How printing came to America: the Spanish route
Louis XIV was the picture of the absolute monarch: fabulously wealthy, owner of a powerful military, head of a court of simpering nobles, and—most importantly—possessing all the consolidated powers of church and state. He believed that he ruled by divine right. Any challenge to his religious views was, therefore, a challenge to his political rule. This stance allowed for no religion but the King’s. As such, Louis XIV executed a series of escalating persecutions against protestants, culminating in him stripping them of all rights previously afforded them, forcing hundreds of thousands of French protestants to flee the country.
France’s expulsion of the Huguenots came towards the end of a centuries-long period of political turmoil following the advent of the printing press. Protestant groups successfully challenged the authority of the Roman church, leaving room for Europe’s secular leaders—typically leveraging the same powers of the press as the Protestants—to make themselves religious leaders as well. Wars and campaigns of oppression wracked Europe. Millions died.
Spain made a particularly infamous entry in this process. Late in the 15th century, the Monarchs of Aragon and Castile united their kingdoms to form the Kingdom of Spain, and launched their own campaign of religious oppression. Inquisitions were nothing new, but this was the first Inquisition to feature a monarch, rather than the Pope, as head inquisitor. It coincided with a campaign of exploration, in which Spain colonized territories across the Atlantic Ocean. There, the Spanish found millions of people who were, unsurprisingly, not Catholic.
The Spanish conquered the Aztec Empire in 1521. Soon after, Franciscan Friars began converting the indigenous population to Catholicism. Seven years later, a prelate of their order, Juan de Zumárraga, would arrive in Mexico as Bishop Elect and appointed protector of the indigenous people. His record on the latter is mixed—he did actually protect indigenous people against the excesses of colonial governors, but later, as inquisitor, he brutalized them and their culture. However, as a religious leader he made some great contributions to the history of letters.
Knowing that his friars would benefit from written materials, Juan de Zumárraga sent for a printer. In 1539, Italian printer Giovanni Paoli (called Juan Pablos, in Spain) sailed from Seville to Mexico with a screw press and a Blackletter letterset. That year, he and Juan de Zumárraga produced the first book in the western hemisphere, Breve y Mas Compendiosa Doctrina Christiana en Lengua Mexicana y Castellana. Its title and content are unlikely to excite casual readers, but it was a very interesting book.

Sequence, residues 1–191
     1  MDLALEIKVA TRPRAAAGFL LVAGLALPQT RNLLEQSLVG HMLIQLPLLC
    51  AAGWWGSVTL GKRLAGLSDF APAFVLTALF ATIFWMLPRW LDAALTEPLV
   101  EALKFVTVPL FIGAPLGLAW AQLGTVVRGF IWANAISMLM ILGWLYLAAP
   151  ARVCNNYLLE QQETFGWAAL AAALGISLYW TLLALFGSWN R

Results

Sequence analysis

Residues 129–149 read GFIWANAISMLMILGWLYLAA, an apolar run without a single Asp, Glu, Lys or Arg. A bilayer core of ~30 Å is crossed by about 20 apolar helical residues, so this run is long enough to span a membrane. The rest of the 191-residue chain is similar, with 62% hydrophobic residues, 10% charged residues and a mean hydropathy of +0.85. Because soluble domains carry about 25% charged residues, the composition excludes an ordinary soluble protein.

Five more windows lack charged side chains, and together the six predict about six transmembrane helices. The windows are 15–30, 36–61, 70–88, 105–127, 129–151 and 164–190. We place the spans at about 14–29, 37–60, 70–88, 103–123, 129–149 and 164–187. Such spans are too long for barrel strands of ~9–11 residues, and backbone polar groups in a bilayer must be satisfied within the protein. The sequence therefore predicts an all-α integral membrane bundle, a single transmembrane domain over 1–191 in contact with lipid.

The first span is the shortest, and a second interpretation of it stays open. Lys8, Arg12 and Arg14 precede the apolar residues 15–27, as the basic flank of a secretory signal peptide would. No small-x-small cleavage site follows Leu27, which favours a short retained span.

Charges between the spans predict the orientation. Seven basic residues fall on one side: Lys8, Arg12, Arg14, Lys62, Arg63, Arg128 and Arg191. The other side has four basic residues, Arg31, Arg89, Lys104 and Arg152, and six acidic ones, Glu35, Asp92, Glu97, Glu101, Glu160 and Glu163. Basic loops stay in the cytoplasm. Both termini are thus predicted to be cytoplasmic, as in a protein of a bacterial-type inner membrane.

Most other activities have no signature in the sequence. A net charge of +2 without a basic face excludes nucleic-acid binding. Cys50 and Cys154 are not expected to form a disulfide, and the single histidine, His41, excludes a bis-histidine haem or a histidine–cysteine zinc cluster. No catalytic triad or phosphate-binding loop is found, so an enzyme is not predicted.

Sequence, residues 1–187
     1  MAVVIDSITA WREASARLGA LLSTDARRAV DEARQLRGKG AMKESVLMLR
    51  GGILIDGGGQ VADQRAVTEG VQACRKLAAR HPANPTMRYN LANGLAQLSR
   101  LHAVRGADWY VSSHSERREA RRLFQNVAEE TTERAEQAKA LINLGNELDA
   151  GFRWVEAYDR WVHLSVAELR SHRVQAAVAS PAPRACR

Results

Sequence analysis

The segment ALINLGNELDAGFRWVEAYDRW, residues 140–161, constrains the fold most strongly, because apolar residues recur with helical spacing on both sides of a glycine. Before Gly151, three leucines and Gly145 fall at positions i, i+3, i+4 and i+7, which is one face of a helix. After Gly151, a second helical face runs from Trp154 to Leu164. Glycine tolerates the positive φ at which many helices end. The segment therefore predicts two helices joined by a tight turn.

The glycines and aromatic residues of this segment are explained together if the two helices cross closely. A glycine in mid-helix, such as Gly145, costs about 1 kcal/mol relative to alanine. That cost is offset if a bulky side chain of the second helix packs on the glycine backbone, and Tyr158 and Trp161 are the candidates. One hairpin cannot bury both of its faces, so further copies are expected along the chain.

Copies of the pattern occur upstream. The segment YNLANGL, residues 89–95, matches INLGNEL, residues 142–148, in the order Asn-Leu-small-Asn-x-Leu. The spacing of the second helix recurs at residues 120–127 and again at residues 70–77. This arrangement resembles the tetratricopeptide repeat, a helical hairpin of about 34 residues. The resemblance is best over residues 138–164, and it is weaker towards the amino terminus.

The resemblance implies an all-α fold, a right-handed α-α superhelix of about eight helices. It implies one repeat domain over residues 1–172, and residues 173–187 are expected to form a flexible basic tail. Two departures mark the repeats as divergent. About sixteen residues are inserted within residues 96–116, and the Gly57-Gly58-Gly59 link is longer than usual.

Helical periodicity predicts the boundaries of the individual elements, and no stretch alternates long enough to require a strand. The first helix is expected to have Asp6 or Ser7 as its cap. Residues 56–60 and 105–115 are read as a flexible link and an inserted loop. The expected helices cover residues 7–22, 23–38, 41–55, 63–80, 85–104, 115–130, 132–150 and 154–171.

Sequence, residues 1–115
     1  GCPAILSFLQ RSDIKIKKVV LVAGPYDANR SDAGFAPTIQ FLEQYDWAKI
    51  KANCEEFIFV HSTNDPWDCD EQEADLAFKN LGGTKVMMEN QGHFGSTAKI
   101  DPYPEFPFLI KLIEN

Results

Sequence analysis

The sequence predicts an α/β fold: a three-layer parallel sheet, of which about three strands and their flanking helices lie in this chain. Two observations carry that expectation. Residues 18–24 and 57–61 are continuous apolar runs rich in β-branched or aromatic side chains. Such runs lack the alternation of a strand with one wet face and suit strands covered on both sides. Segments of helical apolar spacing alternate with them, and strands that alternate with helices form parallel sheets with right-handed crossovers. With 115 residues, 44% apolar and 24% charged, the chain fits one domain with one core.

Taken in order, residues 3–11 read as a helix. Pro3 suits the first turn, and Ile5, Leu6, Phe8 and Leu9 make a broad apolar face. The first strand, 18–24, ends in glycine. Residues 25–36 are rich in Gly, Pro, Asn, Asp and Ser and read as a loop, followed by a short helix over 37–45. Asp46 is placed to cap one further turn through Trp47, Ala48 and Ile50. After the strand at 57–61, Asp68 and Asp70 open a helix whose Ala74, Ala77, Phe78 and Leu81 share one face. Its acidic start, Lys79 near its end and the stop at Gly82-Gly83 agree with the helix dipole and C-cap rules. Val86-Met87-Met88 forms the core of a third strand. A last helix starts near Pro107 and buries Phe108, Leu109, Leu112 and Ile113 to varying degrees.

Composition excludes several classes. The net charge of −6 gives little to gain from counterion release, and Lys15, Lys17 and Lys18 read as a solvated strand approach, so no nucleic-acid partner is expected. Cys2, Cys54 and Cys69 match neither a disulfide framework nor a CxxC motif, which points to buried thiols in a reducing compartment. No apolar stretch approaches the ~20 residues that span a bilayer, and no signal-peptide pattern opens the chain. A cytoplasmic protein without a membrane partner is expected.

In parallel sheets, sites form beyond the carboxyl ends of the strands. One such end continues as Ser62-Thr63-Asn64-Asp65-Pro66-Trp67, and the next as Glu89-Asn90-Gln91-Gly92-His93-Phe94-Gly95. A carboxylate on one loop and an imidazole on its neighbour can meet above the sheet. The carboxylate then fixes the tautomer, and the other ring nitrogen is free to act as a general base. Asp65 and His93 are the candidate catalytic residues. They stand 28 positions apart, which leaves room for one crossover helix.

In the years since the conquest of Mexico, friars had learned the indigenous language, Nahuatl. Doctrine Breve, as a book made in the service of friars preaching in Nahuatl, was printed partly in Nahuatl, using the Latin alphabet. This had a resounding effect on the future of Nahuatl: it became a well-studied language in Europe, histories and literature were printed in the language, and for over a century after 1570 it enjoyed status as an official language of all Spanish colonies in the New World.
Besides the pragmatism of printing Doctrine Breve in Nahuatl, it was an interesting choice given that de Zumárraga was Basque. The Basque language is a language-isolate—a pre-Indo-European language fundamentally different from the Romance languages surrounding Basque Country in northern Spain. Like Nahuatl, it adopted the Latin alphabet. The Basque were also prolific maritime navigators and established contact with indigenous peoples around the gulf of St. Lawrence, where they developed an Algoquian-Basque pidgin. Juan de Zumárraga’s background may have lent him a linguistic perspicacity that made him the perfect candidate to write the first book in America.
A few years later, Juans de Zumárraga and Pablos would produce a book titled Doctrine Christiana. It was uncredited, aside from de Zumárraga’s name appearing on the bottom of the title page. It was, in fact, an edited version of Constantino Ponce de la Fuente’s book Sume de Doctrine Christiana, with additional content from the great Dutch scholar, Erasmus. Back in Spain, the Inquisition hated Erasmus, jailed Constantino as a heretic, and banned Sume de Doctrine Christiana. Constantino would die in jail, depriving the Inquisition a chance to burn him alive. Instead, they burned him in effigy, along with every copy of Sume de Doctrine Christiana they could lay their hands on.
Somehow, de Zumárraga’s Doctrina Christiana would escape notice. Despite the Inquisition being active in America, and despite Juan de Zumárraga’s role as both its publisher and an inquisitor, Doctrina Christiana survived. An ocean away from the religious persecution in Europe, the book enjoyed the kind of insulation only great distances could afford. This was a point with profound meaning for the future of persecuted religious minorities across Europe, and for the future of letters.